The history of the Tour de France

Year 1927


  • Benefiting from the work of his strong Alcyon team, Nicolas Frantz exploited the Tour’s new individual-team start structure to build up a solid advantage on the flats. And when he dominated in the Pyrénées, his victory was virtually locked. To be on the safe side, though, he won the stages into Nice and Metz as well, and then returned to Paris as the overall winner.

  • The outcome of the 1927 Tour could have been dramatically different. The legendary Bayonne to Luchon stage was marred by horrific weather, and Italy's Gordini went on the attack, gaining nearly a 45-minute advantage. He was the unofficial leader of the Tour de France on the road, but mechanical problems prevented him from holding his advantage, and he was passed before the end of the stage.

  • Another long breakaway by Switzerland's Martinet (individuals category). He builds an 18-minute lead, having counter attacked in the Galibier, but is joined eight kilometers before the finish in Evian. Last rider: Pfister (39th) at 31 h 3 min. 51 sec.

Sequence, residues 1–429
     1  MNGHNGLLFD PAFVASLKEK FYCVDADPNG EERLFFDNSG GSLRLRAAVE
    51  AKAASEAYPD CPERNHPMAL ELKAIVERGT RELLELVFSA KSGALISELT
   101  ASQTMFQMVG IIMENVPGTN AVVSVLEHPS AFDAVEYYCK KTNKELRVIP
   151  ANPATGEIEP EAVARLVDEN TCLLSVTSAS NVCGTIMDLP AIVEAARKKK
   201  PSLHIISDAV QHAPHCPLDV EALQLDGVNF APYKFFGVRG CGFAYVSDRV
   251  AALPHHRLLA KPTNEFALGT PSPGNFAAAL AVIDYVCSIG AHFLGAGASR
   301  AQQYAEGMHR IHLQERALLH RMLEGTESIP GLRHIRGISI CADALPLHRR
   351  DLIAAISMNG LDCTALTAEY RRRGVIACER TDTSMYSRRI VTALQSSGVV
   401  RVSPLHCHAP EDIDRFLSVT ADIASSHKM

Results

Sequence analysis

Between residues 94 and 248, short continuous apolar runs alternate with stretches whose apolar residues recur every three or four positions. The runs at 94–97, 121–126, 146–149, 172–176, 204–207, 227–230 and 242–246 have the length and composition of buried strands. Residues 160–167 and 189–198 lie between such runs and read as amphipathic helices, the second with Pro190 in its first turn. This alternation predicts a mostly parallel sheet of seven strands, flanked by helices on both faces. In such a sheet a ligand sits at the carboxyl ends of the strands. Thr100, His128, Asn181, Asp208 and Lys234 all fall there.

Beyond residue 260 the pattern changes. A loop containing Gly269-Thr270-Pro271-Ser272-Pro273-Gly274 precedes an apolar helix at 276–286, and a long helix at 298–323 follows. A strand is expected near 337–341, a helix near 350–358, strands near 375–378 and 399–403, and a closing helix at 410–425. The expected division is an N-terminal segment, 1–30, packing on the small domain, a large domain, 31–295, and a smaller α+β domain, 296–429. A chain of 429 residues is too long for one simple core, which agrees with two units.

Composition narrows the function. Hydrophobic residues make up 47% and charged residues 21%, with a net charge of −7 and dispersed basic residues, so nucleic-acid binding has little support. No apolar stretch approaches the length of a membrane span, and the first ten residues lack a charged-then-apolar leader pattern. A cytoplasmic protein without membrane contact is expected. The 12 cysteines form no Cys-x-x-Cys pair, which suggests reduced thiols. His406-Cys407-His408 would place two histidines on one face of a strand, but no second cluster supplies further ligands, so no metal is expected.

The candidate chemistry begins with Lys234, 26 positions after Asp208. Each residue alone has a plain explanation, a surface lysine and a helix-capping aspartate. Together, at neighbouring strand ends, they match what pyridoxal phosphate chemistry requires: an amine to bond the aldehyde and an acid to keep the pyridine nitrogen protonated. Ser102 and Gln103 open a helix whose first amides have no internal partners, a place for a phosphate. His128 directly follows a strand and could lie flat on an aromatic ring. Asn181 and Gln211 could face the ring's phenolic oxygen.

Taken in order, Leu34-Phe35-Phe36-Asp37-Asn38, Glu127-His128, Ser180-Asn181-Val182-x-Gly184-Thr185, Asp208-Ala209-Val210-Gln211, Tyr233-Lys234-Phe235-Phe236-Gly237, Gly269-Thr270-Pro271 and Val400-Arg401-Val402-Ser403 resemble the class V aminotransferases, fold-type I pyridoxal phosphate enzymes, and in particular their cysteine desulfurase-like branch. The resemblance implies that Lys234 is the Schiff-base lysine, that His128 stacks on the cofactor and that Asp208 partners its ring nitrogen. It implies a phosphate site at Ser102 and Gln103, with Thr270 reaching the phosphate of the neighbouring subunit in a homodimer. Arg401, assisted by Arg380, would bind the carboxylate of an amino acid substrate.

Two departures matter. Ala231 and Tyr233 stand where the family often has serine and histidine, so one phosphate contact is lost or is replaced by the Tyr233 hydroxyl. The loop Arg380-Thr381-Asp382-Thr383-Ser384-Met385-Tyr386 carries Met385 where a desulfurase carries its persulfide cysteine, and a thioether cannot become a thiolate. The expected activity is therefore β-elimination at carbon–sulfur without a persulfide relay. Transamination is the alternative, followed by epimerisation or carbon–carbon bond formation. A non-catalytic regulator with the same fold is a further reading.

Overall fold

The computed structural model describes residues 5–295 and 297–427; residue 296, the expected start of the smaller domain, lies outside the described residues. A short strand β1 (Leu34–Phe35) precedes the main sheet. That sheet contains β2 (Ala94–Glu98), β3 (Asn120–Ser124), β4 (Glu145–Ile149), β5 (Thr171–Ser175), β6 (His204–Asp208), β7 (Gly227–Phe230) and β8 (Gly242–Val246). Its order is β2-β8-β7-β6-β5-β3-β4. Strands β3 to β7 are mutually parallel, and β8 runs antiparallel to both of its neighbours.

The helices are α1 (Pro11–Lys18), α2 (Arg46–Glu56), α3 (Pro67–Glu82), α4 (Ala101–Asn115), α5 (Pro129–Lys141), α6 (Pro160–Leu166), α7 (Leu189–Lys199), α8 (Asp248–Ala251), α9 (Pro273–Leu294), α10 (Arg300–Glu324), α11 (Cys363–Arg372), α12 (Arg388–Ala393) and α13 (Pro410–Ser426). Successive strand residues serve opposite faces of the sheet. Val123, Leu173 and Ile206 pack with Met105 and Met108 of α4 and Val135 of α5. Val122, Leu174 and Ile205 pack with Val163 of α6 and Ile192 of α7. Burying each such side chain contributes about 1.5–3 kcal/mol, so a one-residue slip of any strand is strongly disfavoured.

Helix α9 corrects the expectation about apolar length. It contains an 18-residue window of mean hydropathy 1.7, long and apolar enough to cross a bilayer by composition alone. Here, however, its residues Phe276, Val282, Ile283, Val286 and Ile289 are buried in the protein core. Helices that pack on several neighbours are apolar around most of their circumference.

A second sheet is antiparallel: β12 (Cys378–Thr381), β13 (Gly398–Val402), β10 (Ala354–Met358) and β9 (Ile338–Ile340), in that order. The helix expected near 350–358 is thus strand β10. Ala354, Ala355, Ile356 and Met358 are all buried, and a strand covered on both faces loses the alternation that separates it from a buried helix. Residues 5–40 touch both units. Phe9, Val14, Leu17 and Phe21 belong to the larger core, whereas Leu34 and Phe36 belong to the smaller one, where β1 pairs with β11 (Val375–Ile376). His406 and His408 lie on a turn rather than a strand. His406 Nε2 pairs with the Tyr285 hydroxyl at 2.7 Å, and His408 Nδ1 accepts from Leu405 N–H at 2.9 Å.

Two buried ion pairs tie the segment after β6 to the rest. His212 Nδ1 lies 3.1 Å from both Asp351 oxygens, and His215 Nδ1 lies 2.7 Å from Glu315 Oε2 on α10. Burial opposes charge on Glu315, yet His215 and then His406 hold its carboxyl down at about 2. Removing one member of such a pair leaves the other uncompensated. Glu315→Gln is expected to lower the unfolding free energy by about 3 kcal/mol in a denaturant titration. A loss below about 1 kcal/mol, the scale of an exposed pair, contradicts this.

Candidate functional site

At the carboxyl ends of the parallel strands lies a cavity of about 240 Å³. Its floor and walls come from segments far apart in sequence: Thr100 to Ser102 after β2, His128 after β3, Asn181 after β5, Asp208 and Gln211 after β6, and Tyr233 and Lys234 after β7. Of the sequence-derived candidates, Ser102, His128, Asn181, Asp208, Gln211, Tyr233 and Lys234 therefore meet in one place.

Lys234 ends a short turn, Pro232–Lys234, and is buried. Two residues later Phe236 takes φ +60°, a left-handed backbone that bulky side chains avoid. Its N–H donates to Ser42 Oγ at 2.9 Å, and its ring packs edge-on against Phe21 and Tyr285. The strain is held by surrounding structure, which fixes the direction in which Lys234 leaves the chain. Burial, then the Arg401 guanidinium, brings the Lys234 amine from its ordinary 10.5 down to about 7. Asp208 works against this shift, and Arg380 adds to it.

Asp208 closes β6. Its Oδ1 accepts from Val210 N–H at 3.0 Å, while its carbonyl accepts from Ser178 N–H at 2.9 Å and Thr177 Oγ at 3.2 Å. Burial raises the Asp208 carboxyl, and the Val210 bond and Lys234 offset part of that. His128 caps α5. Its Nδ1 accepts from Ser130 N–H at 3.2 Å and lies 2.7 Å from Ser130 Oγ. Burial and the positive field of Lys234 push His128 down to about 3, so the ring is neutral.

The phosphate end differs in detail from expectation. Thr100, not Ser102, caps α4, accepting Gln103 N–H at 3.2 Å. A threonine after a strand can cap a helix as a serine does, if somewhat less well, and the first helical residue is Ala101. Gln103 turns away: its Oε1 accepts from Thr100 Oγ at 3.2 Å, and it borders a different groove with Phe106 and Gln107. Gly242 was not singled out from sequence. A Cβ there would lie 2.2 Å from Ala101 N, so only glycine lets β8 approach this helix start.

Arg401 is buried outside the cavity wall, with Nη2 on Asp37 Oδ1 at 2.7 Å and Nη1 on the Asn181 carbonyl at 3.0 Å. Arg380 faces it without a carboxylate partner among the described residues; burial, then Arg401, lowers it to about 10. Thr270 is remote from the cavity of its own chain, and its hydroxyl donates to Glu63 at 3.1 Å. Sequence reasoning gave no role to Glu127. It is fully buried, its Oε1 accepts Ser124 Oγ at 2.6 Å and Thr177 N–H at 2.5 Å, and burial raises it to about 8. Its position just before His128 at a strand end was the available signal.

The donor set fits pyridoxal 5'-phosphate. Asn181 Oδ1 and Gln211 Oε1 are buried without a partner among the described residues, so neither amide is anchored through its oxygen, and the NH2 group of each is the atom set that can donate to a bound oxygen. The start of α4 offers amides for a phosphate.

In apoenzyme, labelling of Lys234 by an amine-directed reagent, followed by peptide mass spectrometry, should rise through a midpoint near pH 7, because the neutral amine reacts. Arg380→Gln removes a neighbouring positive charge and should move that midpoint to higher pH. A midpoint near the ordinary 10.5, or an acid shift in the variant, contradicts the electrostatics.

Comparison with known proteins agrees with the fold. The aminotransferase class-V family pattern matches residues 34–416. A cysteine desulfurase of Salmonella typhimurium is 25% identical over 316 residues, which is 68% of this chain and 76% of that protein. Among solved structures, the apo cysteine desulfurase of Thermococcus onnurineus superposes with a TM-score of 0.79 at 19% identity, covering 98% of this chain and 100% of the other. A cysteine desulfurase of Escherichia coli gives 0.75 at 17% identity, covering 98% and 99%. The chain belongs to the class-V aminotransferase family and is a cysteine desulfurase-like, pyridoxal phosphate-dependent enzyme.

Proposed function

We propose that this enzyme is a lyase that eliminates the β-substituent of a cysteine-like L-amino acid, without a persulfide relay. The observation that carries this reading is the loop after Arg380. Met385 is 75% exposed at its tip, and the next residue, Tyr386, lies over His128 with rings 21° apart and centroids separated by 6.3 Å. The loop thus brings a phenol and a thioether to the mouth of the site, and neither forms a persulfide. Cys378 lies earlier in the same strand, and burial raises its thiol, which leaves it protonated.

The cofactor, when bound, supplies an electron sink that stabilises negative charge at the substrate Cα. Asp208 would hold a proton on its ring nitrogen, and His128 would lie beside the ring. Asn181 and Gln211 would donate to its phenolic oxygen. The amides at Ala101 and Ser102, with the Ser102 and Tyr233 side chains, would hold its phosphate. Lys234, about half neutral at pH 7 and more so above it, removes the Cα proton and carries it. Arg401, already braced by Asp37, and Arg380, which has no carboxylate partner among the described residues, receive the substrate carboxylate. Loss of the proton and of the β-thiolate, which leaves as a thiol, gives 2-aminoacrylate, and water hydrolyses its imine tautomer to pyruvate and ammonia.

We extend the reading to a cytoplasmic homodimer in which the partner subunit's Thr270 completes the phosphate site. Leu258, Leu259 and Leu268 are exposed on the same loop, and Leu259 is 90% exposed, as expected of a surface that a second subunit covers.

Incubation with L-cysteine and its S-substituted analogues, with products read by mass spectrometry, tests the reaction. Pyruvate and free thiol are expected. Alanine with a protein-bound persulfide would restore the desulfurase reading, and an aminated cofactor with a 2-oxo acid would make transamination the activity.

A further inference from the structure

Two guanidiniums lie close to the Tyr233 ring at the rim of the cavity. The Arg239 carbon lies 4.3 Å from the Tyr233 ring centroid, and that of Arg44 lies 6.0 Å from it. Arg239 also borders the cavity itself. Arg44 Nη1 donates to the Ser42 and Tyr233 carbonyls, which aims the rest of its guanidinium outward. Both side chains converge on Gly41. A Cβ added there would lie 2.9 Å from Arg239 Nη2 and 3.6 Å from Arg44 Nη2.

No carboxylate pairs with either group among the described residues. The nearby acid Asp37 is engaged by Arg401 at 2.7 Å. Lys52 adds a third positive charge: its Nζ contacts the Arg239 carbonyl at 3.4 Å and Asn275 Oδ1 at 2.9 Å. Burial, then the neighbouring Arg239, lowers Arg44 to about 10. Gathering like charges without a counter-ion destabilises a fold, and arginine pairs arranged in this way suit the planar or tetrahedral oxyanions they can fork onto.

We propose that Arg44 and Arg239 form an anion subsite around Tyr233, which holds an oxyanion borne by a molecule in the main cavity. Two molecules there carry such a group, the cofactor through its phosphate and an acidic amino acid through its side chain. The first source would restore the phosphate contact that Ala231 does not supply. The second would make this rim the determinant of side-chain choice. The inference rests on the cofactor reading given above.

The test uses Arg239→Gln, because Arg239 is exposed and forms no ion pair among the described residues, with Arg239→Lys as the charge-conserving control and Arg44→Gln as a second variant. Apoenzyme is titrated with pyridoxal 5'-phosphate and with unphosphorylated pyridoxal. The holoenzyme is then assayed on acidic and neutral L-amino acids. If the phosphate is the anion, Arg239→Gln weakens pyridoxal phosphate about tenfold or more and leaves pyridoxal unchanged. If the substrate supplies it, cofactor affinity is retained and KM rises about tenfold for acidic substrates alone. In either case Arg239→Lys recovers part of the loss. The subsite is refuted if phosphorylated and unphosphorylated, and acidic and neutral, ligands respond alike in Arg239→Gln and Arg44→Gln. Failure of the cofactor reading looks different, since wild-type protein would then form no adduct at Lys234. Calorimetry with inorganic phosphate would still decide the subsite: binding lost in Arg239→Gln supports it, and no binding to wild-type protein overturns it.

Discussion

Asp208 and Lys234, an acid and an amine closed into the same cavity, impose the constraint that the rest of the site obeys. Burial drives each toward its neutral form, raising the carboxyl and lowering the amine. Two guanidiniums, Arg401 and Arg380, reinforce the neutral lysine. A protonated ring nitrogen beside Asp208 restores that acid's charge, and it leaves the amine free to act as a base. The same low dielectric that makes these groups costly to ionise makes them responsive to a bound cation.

• First victory in Luxemburg for Frantz, who finishes almost two hours in front of De Waele. Revival in French cycling (Leducq, Magne). To spice up the long and flat stages, Henri Desgrange introduced the individual-team start format, where each team raced the stage together and was given the same time. A predecessor to the team-time-trial concept, the individual-team start idea only lasted until 1929. Contrary to its intent, the structure sucked the suspense from the racing, unfairly favoring riders on the top teams.

  • The first talking film, "The Jazz Singer," opens; Charles Lindbergh makes his solo crossing of the Atlantic; Alfredo Binda wins the first world cycling championships; Ottavio Bottecchia dies.

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